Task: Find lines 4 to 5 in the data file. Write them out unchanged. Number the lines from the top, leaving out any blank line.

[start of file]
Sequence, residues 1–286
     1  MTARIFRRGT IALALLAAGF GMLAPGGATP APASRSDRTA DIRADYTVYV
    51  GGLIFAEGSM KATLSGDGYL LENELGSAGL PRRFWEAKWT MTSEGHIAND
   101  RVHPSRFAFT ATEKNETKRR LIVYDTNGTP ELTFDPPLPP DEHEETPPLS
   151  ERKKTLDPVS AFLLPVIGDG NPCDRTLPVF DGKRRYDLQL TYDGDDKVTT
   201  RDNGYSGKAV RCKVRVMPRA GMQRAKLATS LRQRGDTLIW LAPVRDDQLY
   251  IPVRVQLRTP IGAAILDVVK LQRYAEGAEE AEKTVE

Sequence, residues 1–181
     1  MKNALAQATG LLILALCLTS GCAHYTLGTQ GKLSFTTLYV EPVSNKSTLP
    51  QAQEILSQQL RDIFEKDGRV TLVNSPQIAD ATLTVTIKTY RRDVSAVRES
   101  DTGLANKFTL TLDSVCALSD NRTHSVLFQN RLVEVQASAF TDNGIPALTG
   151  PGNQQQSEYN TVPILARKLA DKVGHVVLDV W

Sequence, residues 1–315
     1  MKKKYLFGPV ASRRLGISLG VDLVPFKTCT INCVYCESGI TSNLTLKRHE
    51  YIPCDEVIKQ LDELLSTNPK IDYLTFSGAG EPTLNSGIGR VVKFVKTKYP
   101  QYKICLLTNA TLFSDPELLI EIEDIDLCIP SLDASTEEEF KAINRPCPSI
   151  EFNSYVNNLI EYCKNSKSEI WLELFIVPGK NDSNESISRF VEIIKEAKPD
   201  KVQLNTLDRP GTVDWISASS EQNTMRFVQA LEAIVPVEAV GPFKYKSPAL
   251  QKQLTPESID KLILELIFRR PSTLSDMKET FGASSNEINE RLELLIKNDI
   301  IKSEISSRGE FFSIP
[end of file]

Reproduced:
   101  RVHPSRFAFT ATEKNETKRR LIVYDTNGTP ELTFDPPLPP DEHEETPPLS
   151  ERKKTLDPVS AFLLPVIGDG NPCDRTLPVF DGKRRYDLQL TYDGDDKVTT